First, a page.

A spike in oil and gas prices triggered by the Ukraine war could see energy giants enjoying unexpected, additional profits of £11.6bn this year from North Sea operations alone, new analysis predicts.
Greenpeace and Oil Change International project that energy firms could see the money they make just from their North Sea fossil fuel operations increase 111% from £10.46bn to £22.07bn, after Russia’s war sent energy prices soaring.
The campaigners are calling on the government to tax the windfall profits and invest the money in green measures such as insulating homes, installing heat pumps and scaling up renewables.
On Tuesday the Prime Minster ruled out such a levy on the grounds it would deter investment, after a rift emerged between ministers over the issue.
The “huge amount of extra generated income” is a “reminder that we do have the resources available to make the energy transition happen”, Greenpeace UK’s climate finance adviser, Charlie Kronick, told Sky News.
“This isn’t money that we’re taking out of the pockets of the oil industry because it’s money they would never have seen in the first place.”
Among the 10 companies that stand to benefit the most from the increase include BP in third place and Shell in fifth.
Russian energy giant Gazprom, with which many firms cut ties after Moscow’s invasion, is expected to reap profits of £80m from a joint venture with German company Wintershall Dea.
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Would it deter investment?
A UK government spokesperson warned a windfall tax would deter “billions worth of investment”, risking energy supply and almost 200,000 jobs that rely on the industry.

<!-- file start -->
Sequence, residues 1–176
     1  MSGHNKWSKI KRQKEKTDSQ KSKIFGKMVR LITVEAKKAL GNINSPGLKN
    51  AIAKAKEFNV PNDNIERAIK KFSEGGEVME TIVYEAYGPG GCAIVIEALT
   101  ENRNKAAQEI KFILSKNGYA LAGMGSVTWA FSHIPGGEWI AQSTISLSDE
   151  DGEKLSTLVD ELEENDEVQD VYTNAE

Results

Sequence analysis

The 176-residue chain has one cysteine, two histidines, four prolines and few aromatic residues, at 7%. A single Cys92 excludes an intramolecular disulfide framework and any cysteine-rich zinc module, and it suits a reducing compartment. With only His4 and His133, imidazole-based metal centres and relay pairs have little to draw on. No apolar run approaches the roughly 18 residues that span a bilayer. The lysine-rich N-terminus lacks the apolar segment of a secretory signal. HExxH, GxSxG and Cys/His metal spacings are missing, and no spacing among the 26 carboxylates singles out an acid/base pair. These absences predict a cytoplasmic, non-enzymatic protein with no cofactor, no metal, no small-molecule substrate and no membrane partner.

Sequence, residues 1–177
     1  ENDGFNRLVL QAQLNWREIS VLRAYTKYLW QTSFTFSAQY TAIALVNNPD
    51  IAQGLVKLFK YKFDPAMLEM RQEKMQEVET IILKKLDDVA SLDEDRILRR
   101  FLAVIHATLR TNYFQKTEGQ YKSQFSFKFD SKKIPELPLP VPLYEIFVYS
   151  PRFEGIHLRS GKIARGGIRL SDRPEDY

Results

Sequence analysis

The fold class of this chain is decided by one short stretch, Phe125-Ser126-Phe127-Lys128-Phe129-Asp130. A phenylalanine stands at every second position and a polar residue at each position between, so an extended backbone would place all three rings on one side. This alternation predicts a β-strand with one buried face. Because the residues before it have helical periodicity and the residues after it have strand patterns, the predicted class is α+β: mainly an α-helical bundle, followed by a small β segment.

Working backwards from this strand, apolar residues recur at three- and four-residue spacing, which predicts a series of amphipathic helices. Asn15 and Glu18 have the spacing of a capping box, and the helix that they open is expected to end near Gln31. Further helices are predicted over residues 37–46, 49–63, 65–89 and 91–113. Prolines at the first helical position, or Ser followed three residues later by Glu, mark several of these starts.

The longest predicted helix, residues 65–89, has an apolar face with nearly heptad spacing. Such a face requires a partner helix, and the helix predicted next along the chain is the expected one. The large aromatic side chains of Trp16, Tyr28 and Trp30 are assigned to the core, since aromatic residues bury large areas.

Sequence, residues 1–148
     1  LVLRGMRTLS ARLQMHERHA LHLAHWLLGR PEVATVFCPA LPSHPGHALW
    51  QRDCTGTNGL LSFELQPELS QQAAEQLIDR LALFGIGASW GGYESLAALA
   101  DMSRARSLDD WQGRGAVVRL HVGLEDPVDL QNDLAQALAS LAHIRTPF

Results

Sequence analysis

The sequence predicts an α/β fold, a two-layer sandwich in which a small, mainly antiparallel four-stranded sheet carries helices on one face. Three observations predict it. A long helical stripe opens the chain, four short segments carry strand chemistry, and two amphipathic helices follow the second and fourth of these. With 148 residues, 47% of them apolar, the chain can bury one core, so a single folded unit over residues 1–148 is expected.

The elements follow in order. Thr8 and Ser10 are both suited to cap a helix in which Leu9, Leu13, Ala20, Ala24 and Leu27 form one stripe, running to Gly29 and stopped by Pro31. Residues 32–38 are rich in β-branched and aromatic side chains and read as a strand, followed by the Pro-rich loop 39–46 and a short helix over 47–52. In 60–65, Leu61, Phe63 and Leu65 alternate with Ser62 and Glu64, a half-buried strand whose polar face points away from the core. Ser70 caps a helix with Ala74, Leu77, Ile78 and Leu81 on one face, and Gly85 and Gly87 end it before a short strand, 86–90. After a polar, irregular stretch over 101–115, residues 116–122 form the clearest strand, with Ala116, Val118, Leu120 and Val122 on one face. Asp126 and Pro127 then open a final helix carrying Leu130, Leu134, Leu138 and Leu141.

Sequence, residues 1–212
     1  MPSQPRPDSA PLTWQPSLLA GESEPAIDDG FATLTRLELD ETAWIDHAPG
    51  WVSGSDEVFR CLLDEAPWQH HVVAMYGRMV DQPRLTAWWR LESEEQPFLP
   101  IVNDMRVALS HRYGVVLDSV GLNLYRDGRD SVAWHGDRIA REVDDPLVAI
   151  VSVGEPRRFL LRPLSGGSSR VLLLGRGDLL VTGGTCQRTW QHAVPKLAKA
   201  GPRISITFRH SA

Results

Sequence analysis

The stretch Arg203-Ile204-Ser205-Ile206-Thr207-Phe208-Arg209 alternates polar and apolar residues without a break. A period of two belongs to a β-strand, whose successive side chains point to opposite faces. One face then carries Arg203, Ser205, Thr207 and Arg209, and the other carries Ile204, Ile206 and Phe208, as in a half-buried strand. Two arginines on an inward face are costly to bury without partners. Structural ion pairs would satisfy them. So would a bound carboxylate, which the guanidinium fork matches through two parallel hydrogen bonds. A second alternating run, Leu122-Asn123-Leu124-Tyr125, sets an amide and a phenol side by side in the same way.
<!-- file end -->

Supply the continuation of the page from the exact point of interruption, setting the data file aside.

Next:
The UK currently offers the “best profitability conditions” globally for oil companies, taking just under 40% in taxes, compared with around 50% in Canada and United States, and just under 80% in Norway, according to analysts at Rystad Energy.
Euan Graham from green think tank E3G said the UK is “effectively bending over backwards to get companies to produce and sell a commodity that’s mostly going to be exported overseas, at little to no benefit for UK households… and in doing so is jeopardising our climate objectives.”
A spokesperson for Offshore Energies UK (OEUK), which represents 400 energy companies, said a windfall tax would be the “damage competitiveness, and discourage energy companies from investing in the UK” and reduce the amount of cash spare to invest in low-carbon and renewable energy.
On Tuesday BP appeared to undermine that assertion, telling The Times it would power on with investment in Britain even if a tax were imposed.
The campaigners based their calculations on data from Rystad Energy, used by governments and think tanks, which priced oil at $70 a barrel before the war, and then hiked it to $110 a barrel after the Kremlin sending troops and tanks across the border with Ukraine.
The £11.6bn reflect the companies’ estimated “free cash flow” – revenue after things like taxes, royalties, capital and operating expenditure – after the Russian invasion, and is based on Rystad’s modelling of hundreds of UK oil and gas projects.
BP and Wintershall Dea did not respond to Sky News’s requests for comment. Shell was unable to comment due to its quarterly results coming out on Thursday.
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